to build one- or two-semester courses from the book.
Graduate students and researchers interested in nonlinear dynamics of PDEs.
This book is about differentiation of
functions. It is divided into two parts, which can be used as
different textbooks, one for an advanced undergraduate course in
functions of one variable and one for a graduate course on Sobolev
functions. The first part develops the theory of monotone, absolutely
continuous, and bounded variation functions of one variable and their
relationship with Lebesgue–Stieltjes measures and Sobolev
functions. It also studies decreasing rearrangement and curves. The
second edition includes a chapter on functions mapping time into
Banach spaces.
The second part of the book studies functions of several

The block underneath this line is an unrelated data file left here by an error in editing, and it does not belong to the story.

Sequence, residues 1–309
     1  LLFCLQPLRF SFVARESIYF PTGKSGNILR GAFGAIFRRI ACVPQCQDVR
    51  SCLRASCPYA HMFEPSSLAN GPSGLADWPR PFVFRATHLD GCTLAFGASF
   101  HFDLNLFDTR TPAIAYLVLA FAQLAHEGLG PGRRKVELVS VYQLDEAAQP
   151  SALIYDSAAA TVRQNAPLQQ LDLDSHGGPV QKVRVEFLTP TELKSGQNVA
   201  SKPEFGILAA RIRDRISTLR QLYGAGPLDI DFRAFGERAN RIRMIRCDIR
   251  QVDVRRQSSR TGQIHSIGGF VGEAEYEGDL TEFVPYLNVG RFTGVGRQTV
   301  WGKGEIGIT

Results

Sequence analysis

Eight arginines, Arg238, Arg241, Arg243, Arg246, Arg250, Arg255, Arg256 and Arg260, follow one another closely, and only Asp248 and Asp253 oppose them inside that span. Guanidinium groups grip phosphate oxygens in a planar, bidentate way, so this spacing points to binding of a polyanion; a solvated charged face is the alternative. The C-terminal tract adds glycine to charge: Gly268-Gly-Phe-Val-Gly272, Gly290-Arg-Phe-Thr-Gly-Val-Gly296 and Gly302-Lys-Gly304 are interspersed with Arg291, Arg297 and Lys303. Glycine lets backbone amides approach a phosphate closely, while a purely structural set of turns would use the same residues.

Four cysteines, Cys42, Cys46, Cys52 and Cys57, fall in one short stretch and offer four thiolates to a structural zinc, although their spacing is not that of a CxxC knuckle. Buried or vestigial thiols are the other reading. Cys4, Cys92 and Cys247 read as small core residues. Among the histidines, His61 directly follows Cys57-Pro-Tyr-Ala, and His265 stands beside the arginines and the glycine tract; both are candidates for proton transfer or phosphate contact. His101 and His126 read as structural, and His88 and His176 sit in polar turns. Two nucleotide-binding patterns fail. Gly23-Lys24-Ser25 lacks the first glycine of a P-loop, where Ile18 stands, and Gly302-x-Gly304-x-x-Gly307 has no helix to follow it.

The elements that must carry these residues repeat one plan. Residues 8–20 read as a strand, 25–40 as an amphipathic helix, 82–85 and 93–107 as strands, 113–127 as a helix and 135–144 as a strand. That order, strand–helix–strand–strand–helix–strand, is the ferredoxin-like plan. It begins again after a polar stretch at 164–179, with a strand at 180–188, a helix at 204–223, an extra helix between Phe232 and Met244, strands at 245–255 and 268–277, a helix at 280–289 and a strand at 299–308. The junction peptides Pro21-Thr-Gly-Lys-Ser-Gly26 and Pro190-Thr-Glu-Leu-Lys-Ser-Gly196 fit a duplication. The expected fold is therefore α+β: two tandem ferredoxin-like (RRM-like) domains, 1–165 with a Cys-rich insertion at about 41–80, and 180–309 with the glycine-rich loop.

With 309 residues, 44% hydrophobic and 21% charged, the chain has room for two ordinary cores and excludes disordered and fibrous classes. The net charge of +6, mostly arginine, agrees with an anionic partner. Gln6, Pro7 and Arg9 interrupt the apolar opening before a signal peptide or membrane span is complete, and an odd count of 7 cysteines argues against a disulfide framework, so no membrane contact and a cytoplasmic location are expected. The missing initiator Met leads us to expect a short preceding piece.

variables. It begins with an overview of classical results such as
Rademacher's and Stepanoff's differentiability theorems, Whitney's
extension theorem, Brouwer's fixed point theorem, and the divergence
theorem for Lipschitz domains. It then moves to distributions, Fourier
transforms and tempered distributions.
The remaining chapters are a treatise on Sobolev functions. The
second edition focuses more on higher order derivatives and it
includes the interpolation theorems of Gagliardo and Nirenberg. It
studies embedding theorems, extension domains, chain rule,
superposition, Poincaré's inequalities and traces.
A major change compared to the first edition is the chapter on
Besov spaces, which are now treated using interpolation theory.
Graduate students and researchers interested in Sobolev spaces, particularly their applications to PDEs.
This volume contains the proceedings of the
Conference on Dynamical Systems, Ergodic Theory, and Probability,
which was dedicated to the memory of Nikolai Chernov, held from May